Following the selection of interim OU President Joseph Harroz early Friday morning, OU community members shared their thoughts.
Regent Leslie Rainbolt-Forbes gave a statement to the media after nearly six hours in executive session.
“On behalf of the Board of Regents, I am pleased to announce tonight that Dean Joseph Harroz Jr. has been appointed as interim president of the University of Oklahoma,” Rainbolt-Forbes said. “His nationally recognized leadership of the OU College of Law and his many years of service as Vice President of Executive Affairs and General Counsel give him an unequalled understanding of OU.”
Rainbolt-Forbes said Harroz has distinguished himself as an “effective leader and administrator” during his time at the OU College of Law. During his tenure there, the college has been named a best value law school and a top-20 moot court program nationally in recent years, and the college also has achieved the highest U.S. News & World Report ranking ever by an Oklahoma law school, according to the OU College of Law website.
Professor Emeritus George Henderson, who nominated Harroz for the presidency in the previous search, shared with The Daily his December 2017 nomination letter, in which he said Harroz possessed all the characteristics of a good candidate.
“He is a proven administrator, a visionary leader, an advocate for academic freedom, and a firm believer in excellence in teaching, research and public service,” Henderson said in the letter. “He also understands and supports the University’s commitment to being an equal opportunity institution.”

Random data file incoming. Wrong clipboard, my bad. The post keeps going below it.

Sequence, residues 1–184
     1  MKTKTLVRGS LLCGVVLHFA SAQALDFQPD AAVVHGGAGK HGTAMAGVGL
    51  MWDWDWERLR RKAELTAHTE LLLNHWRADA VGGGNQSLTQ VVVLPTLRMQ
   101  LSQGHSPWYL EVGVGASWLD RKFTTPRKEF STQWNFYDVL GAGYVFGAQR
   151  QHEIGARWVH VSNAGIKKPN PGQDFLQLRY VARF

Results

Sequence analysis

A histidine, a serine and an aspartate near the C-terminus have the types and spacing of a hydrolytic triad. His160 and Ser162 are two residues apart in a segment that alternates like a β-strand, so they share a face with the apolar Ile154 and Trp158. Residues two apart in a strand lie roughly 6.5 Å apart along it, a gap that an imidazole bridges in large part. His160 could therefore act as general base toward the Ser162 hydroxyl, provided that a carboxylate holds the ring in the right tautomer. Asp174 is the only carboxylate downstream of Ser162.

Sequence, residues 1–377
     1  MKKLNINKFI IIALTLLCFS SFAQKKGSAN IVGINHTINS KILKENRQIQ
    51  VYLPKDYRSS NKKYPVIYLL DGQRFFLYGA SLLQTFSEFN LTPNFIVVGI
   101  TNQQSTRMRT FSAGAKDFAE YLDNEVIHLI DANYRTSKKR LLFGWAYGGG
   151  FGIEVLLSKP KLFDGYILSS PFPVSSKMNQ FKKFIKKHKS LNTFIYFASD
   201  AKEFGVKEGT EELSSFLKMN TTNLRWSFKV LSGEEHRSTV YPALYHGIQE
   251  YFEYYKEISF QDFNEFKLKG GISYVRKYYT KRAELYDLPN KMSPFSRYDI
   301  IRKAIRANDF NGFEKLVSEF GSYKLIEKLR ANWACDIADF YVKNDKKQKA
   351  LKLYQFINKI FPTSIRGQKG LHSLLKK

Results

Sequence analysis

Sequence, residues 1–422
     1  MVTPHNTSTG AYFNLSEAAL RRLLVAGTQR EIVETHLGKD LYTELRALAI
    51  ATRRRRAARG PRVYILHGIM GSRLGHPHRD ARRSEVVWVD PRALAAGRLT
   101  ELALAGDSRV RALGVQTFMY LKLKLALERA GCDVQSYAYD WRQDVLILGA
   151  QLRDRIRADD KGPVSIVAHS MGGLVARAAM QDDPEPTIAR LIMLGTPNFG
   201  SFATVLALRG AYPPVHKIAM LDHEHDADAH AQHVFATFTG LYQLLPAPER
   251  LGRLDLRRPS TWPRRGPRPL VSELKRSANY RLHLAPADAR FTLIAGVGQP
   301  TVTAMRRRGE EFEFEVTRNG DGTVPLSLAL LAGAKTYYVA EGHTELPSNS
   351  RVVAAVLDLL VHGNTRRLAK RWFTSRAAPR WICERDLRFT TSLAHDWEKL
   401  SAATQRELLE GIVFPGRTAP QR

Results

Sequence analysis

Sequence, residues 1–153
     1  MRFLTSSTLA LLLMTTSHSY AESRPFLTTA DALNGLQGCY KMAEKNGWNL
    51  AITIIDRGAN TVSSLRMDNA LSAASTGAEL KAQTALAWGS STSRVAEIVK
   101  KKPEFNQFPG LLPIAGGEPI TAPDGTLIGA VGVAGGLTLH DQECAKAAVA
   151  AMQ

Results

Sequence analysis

Henderson said in the letter that Harroz has displayed dedication to diversity during his time as dean of the OU College of Law.
“Dean Harroz has been a forceful advocate for and leader of racial and cultural diversity initiatives within the College of Law,” Henderson said in the letter.
Jess Eddy, a former OU student and employee who has accused former OU President David Boren of sexual harassment, said the appointment was inappropriate during an ongoing investigation of Boren. Harroz served on Boren’s legal team during Boren’s time as a U.S. senator and as OU general counsel for 12 years under Boren.
“I’m in disbelief. I cannot believe the regents think it’s okay to appoint (Harroz) as interim president at a time like this, when they’re investigating David Boren for sexual misconduct,” Eddy said. “To put a man who legally represented Boren for decades in that position, which will oversee the Title IX appeals process, is just beyond me.”
Rainbolt-Forbes said Harroz would not be involved in the ongoing Boren investigation during a statement to media at the regents' meeting.
People as close to Boren as Harroz once was likely knew of Boren’s alleged sexual misconduct, Eddy said, and Harroz’s appointment presents a conflict of interest.
“Speaking on behalf of myself and the other victims, we all know how close (Harroz) is to David Boren and we know, for those of us who’ve been around David Boren for any amount of time, that everybody knew of his misconduct, and that includes (Harroz),” Eddy said. “He was his attorney and as his attorney kept him safe and kept him from being held accountable.”
In Henderson’s nomination letter, he expressed confidence Harroz would serve the university first despite connections to Boren. “Dean Harroz is a close friend of President Boren,” Henderson said in the letter, “but, more important, he is an independent thinker whose loyalty is first and foremost to the University. He is his own man.”